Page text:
A Miami Story: What Voting For The First Time Taught Me About My Parents
When I crouched over my ballot at the Lemon City public library last Friday, I had to keep telling myself "OK, you can do this." I don't know why I was so nervous. I guess I realized I had been waiting for that moment for seven years.
I'm 25-years-old, and this midterm election was the first one I've ever voted in.
That's not because I'm uninterested in politics, or uninformed about my rights. It's just that, until this past January, I didn't have the right to vote in the U.S. My family immigrated to Miami from Peru in 2000, and it took me this long to become a U.S. citizen.
So when all my friends were 18 or older in time for the 2008 presidential election, I was crestfallen. I didn't know anyone else of age who couldn't vote. I felt left out, yes. But I also ached to have a voice, to make a difference. I wanted all the things an idealistic 19-year-old wants out of their first election.
But I had to wait. I got used to going through election cycles without registering to vote, but always making sure to tell everyone else they should do it. Sometimes it made me angry to think of people who had the right but didn't vote (Peru enforces compulsory voting). I remember fighting with an old boyfriend about it.
For the most part, though, I was resigned to my un-electoral fate. As a journalist, it was really quite embarrassing to admit. We make a big deal out of elections, you may have noticed.
When my parents said they'd be able to fund my naturalization process, voting was immediately on my mind. So I guess I take it back, I do know why I was nervous in the voting booth. Casting a vote, to me, was the top of a ladder I'd been climbing almost since I moved here at 11 years old.
The ultimate U.S. citizen privilege is voting. And finally, it was mine.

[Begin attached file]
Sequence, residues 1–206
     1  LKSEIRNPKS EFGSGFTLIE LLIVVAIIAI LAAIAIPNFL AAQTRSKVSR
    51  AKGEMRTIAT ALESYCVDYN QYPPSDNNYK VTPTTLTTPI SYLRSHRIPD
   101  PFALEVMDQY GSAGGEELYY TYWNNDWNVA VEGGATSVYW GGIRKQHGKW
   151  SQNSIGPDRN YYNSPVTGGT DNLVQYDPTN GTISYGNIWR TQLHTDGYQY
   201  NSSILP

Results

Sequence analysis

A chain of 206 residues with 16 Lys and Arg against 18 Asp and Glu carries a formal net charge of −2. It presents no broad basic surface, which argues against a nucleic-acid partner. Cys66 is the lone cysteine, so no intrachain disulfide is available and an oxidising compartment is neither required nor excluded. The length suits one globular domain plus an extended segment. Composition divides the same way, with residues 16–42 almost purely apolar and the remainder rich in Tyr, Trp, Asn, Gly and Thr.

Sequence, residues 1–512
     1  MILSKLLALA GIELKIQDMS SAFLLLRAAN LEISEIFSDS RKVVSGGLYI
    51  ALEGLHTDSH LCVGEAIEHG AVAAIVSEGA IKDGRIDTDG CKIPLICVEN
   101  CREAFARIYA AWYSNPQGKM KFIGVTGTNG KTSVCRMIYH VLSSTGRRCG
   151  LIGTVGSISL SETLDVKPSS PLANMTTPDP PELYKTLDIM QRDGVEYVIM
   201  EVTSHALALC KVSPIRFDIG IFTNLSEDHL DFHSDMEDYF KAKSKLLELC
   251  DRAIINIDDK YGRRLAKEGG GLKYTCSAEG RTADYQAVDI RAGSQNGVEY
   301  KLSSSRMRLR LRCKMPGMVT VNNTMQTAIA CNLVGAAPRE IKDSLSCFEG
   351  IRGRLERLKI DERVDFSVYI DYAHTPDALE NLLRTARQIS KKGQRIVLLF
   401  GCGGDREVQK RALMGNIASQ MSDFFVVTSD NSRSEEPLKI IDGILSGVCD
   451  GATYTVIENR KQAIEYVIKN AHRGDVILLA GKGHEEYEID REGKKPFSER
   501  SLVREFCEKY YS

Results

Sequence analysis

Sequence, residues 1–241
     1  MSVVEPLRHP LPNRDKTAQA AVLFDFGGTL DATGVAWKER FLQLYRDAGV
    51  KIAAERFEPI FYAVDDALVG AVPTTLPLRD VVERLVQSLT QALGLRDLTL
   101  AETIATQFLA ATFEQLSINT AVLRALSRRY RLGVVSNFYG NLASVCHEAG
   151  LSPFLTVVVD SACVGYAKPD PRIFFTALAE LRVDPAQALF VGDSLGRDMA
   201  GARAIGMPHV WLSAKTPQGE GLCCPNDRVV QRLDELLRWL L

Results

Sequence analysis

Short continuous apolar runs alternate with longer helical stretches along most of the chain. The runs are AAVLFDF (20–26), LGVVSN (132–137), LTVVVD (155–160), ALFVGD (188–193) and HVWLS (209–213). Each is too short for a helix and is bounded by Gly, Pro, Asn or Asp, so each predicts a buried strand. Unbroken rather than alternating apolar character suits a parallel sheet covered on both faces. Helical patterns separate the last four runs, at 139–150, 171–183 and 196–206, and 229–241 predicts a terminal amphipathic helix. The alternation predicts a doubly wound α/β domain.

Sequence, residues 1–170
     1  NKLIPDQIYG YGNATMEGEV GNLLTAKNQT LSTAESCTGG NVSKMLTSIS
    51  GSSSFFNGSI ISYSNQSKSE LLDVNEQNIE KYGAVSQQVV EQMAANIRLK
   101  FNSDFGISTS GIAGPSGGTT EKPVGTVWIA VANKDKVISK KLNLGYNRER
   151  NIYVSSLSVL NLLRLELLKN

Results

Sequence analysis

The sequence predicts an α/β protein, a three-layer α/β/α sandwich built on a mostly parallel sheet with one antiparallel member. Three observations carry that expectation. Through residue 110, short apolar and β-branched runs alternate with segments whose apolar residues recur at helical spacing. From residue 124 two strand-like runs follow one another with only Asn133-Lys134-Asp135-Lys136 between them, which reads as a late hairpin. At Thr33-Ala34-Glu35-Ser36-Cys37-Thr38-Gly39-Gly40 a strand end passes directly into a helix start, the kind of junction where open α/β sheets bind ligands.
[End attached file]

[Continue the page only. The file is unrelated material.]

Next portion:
It was a strange feeling. My hands were shaking and I was giddy, but the other voters around me seemed almost bored. Bothered, even, to have to be there. And even still, it was exciting to me to see members of my community lined up before the polling place opened. "My neighbors care!" I thought. But to them, the whole thing was run-of-the-mill.
Hear me talking to one of them here:
He put it best: "I always vote, it's normal."
Well, not for me, not yet. For me, having filled in those little circles on certain issues I cared about is greatly significant, and not just because of my ballot's political power.
My voting experience was also, in a sense, symbolic. I am the first one in my family to cast a vote in this country. That act signified my parents' progress, from modest immigrant family to middle-class residents who put their kids through college and participate in civic duty, if only through me.
Voting was emotional for me because it made me think about everything my parents have given up to get me in that polling place. To have the option of going there, instead of being forced to, like they were.
It's like my mom said when I called her after my vote. "You have the freedom to express yourself, or not."
Yep, I do, Ma. I do because of you.